7. Eyeliner 1. Whitey Snyder always lined the inside of Marilyn’s eye with a white kohl pencil — this is a trick still used by movie and stage makeup artists to make the eye appear larger and more open. Continue the line of white from the corner of the eye for about ¼inch (½cm), angling mildly upwards. Recommended: Philosophy Big Gorgeous Eyes
8. Eyeliner 2. Contrary to popular belief, Marilyn’s eyeliner was rarely black. Most often, it was brown or dark brown. You can do this with liquid or pencil, but a cake with brush (made wet) is the best option. Do a very narrow line right at lashline top and bottom, and continue out, as seen above. The two lines must not meet, so your white line doesn’t disappear and your eyes look smaller. Recommended: Make Up For Ever Paris, Professional. Eyeliner Cake, Brown #4.
9. Eyeliner 3. Above the thin line of brown on the upper lid, Marilyn always had an even thinner line of gold liner. Make sure to make the thinnest of lines or it will look obvious and tacky, instead of glamorous. Recommended: Urban Decay Liquid Eye Liner. Chains.
10. Red Dot. With either a lip pencil or a lipstick brush (bright red), the smallest red dot is placed in the inside corner of the eye to make the eye look brighter.
11. Eyeshadow. Marilyn’s eyeshadow was very subtle. Whitey Snyder applied some light brown shadow to the crease of Marilyn’s eyelid, and to the outer area below brow (1 & 2). He then added a shiny off-white to the center of the lid, brow bone, above the brow, and in the corner of the eye (3,4,5,6,7). I’ve exaggerated the contrasts in the picture to show you more clearly. Recommended: Hard Candy Eye Shadow Quartet - Old Skool.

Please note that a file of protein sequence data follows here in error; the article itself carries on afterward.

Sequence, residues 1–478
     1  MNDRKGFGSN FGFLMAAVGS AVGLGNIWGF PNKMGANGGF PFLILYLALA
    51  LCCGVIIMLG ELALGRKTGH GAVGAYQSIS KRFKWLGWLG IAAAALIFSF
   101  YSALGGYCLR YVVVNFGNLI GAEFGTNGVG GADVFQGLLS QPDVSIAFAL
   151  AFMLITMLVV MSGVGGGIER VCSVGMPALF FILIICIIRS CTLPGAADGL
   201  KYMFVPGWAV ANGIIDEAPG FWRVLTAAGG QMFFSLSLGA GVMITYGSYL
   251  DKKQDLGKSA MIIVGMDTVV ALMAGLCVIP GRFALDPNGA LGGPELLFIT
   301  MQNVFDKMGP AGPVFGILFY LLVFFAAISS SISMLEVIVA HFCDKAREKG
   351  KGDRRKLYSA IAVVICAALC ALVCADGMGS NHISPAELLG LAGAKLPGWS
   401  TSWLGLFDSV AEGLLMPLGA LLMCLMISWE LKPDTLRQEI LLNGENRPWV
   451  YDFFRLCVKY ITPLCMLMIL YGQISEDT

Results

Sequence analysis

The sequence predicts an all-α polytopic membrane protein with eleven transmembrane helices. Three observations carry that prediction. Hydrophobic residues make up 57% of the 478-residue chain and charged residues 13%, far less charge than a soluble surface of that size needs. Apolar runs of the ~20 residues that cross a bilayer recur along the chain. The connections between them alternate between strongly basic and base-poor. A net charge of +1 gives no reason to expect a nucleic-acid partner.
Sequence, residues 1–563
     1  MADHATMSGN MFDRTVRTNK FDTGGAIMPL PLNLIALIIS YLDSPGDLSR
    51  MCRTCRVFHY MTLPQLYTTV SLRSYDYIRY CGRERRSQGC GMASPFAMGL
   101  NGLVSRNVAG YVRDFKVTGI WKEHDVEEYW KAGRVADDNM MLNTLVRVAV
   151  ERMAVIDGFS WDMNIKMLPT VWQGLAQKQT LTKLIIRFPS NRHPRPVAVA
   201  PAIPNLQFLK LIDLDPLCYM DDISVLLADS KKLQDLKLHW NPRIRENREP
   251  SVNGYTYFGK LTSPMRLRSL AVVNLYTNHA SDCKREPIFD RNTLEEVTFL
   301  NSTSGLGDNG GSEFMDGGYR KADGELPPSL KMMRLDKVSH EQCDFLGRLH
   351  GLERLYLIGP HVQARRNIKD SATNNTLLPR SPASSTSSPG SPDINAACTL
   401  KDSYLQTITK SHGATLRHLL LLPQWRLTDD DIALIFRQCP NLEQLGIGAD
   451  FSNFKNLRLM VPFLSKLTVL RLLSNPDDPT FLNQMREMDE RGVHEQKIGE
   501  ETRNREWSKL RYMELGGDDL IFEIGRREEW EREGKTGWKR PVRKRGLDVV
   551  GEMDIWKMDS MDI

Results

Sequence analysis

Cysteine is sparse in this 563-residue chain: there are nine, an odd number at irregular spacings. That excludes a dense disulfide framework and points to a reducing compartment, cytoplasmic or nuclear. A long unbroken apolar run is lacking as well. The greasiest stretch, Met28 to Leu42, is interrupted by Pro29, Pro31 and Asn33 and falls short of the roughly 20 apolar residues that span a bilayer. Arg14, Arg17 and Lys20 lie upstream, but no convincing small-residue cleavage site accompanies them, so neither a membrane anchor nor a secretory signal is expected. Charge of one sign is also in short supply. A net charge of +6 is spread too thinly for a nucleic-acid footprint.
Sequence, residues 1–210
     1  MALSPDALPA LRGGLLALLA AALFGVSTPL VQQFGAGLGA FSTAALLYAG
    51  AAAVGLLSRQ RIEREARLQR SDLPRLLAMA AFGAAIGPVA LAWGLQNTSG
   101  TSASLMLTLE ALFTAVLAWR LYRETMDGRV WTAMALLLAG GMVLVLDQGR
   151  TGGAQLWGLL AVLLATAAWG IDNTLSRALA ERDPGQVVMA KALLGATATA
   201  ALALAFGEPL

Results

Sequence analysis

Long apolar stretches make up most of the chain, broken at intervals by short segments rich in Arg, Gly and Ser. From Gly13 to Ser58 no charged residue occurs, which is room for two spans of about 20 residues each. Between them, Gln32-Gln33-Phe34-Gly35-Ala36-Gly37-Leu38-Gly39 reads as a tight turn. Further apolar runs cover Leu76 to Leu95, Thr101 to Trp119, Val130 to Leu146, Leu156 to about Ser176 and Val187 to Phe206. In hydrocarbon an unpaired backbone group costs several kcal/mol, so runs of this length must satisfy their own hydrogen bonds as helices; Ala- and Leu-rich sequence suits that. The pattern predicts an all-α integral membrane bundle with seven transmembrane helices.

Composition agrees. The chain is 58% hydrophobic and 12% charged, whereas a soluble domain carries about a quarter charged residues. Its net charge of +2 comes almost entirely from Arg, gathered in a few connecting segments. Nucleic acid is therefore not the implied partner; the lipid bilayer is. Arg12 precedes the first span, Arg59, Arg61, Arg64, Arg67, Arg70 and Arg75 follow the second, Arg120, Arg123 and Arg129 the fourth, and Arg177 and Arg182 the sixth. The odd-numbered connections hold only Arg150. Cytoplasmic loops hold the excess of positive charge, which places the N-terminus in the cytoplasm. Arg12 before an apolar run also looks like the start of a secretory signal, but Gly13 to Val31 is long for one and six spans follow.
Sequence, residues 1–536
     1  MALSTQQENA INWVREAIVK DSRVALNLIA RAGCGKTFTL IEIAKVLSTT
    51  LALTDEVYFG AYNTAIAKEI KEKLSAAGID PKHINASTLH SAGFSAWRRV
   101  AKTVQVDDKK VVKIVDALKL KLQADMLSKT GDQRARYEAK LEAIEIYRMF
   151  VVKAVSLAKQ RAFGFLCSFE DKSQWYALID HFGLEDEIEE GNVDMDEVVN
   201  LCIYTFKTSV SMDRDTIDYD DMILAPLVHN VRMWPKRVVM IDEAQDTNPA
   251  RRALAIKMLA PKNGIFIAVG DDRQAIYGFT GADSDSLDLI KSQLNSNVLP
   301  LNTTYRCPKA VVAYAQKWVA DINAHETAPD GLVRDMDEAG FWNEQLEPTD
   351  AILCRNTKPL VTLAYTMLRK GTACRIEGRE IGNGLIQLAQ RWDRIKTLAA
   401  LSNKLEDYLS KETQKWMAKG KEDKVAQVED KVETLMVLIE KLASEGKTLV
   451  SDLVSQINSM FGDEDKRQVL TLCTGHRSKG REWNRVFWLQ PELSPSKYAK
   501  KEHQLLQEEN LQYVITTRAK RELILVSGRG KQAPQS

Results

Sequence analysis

TIP: Before applying eyeshadow, dust a generous amount of translucent powder under the eye — that way if any shadow falls under the eye during application, you can easily brush it off.
12. Contouring. To accentuate cheekbones, jawline, and make nose seem more narrow, Whitey Snyder would apply a contouring color with a blush brush below Marilyn’s cheekbones, on her temples, and around and under her jawline. This can easily be done with a good bronzer. Recommended: Chanel Irréelle Soleil Silky Bronzing Powder.
13. Highlighting. Apply a shimmer highlight on top of the cheekbone in a line all the way to the corner of the eye, on top of the chin, on the t-zone, and on the forehead.
14. Lips. Technicolor cameras had a tendency to turn all reds orangey, so on film, in order to get a “true red”, Whitey Snyder had to use a mixture of several bluish reds. In her personal appearances and private life too, Marilyn’s lipstick was a mixture of two or more shades. First, Whitey Snyder would line above Marilyn’s top lip with a white pen (you can use the same as for eyes, provided you sharpen in between to prevent bacteria) — this makes the top lip appear fuller. Then, he would smudge it a bit to blend in and powder it, so the line wouldn’t be obvious. Then, the lips were lined with a red pencil (notice, how the top lip is lined to come over the bottom lip. The outer edges were brushed with a darker red, the center of the mouth with a lighter red, to make lips look more voluptuous.
Gloss was applied, with a thicker dollop in the center of the bottom lip. For film and photo shoots they’d use Vaseline (a trick still sometimes used in glamour photography). Finally, a bit of the same shine used for highlight was applied on the “cupid’s bow”.
15. Powder. A final dusting of translucent powder to set all the makeup.
16. Mascara. A coat or two of black mascara was added to the lashes (both real and false). In that era, mascara was a cake mascara — mascara has since advanced greatly and we have great ones to choose from. Recommended: Diorshow Mascara.